There is a certain occurrence in genetic genealogy called a Non-Paternal or Non Paternity Event. This is a break in the ancestry of a personâ€™s Y chromosome and surname. A person named â€œSmith,â€ for instance, might have a Y chromosome that is clearly â€œJohnson.â€
A non paternal event can occur when an adopted male takes the surname of his adoptive family, or a male child takes his step-fatherâ€™s surname, or a male child takes his motherâ€™s surname (undoubtedly there are other circumstances as well).
When a break in the Y chromosome is suspected or confirmed, it is possible that the break might have occurred 1,000 years ago, 100 years ago, or with the testeeâ€™s birth.
An article in The Atlantic titled â€œWhoâ€™s Your Daddyâ€ addresses the â€˜unintended consequences of genetic screening for disease.â€™ Or, in some cases, the unintended consequences of testing for genetic genealogy. The author, Steve Olson, recently underwent genetic genealogy testing:
â€œA scientific officer at a genetic testing company knew that I was interested in genealogy, and he had offered to run my DNA through a sequencer. A few weeks earlier, Iâ€™d swished mouthwash inside my cheeks, sealed the mouthwash in a tube, and mailed the tube to the company.â€
The results of Mr. Olsonâ€™s (when I say that name out loud, all I can think of is â€˜Little House on the Prairieâ€™!) test revealed that his DNA was what he predicted it would be â€“ of Scandinavian descent.
However, as Mr. Olson points out, this doesnâ€™t always happen. The article cites Bennett Greenspan, of Family Tree DNA, as stating that â€œany project that has more than 20 or 30 people in it is likely to have an oops in it.â€ This aligns well with the traditional belief that anywhere from 5 to 15% of men are not the actual biological fathers of their children. Following this out 10 generations, there is a 40% chance of a non-paternal event!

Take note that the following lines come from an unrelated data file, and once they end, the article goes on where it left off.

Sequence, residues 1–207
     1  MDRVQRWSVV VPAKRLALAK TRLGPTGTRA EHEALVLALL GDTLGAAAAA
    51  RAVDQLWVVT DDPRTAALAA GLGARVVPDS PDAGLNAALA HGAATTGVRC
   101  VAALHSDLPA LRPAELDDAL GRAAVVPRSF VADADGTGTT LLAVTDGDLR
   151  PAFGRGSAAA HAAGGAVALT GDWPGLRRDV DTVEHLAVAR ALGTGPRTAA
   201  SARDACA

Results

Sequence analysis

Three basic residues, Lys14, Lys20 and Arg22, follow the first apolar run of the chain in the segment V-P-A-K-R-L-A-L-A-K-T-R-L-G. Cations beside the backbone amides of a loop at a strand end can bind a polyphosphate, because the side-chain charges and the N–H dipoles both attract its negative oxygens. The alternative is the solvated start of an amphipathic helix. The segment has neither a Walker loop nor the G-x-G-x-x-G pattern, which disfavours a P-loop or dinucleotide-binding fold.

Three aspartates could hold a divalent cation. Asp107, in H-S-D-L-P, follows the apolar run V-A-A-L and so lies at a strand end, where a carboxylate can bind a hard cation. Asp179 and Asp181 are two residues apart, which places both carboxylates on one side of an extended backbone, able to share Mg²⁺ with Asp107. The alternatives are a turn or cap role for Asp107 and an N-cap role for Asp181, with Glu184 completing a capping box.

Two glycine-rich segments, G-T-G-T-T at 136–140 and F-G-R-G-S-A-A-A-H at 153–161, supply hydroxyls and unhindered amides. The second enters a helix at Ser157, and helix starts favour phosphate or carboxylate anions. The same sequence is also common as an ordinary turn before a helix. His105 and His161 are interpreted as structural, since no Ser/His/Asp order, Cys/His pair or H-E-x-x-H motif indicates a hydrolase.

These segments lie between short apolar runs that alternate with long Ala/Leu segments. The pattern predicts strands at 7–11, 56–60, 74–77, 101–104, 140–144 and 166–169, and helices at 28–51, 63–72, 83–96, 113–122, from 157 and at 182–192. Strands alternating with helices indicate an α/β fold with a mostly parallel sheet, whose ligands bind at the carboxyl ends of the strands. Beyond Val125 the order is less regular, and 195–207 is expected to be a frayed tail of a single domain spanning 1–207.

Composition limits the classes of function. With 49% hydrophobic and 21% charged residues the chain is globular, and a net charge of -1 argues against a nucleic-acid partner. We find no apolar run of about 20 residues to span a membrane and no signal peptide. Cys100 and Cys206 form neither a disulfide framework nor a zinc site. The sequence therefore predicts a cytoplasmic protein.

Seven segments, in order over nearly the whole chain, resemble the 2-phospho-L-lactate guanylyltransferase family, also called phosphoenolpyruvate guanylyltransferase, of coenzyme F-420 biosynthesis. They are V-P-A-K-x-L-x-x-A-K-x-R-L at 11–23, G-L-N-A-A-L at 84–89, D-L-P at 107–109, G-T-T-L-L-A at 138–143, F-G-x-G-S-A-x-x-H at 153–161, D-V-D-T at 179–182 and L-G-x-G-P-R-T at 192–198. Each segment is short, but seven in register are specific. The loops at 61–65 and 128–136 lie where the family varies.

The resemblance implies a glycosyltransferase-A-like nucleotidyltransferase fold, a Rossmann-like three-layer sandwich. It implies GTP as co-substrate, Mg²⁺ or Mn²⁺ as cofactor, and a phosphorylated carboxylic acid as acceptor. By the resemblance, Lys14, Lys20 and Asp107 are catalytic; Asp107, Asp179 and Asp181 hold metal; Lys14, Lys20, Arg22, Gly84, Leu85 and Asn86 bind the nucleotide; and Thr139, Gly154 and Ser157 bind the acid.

Along the same lines, a recent article was published on the Wall Street Journals â€˜informedreaderâ€™ blog titled â€œAs DNA Tests Spread, So Do Nasty Paternity Surprises.â€ The article cited Steve Olsonâ€™s piece in The Atlantic.
I must admit, I have a deep understanding of this issue and the effect it can have on tested individuals. I have a solid paper trail to
My first thought was a non-paternal event. I even asked my Mom whether my dad was actually my dad (I was 99.9% joking, of course)! I was so proud of my German heritage, and here I was faced with the possibility that I wasnâ€™t German at all.
However, after a few months, new results showed that other people belonging to the unique subclade of R1b1c also originated in the same area of
Thanks to Hsien at EyeonDNA for her help!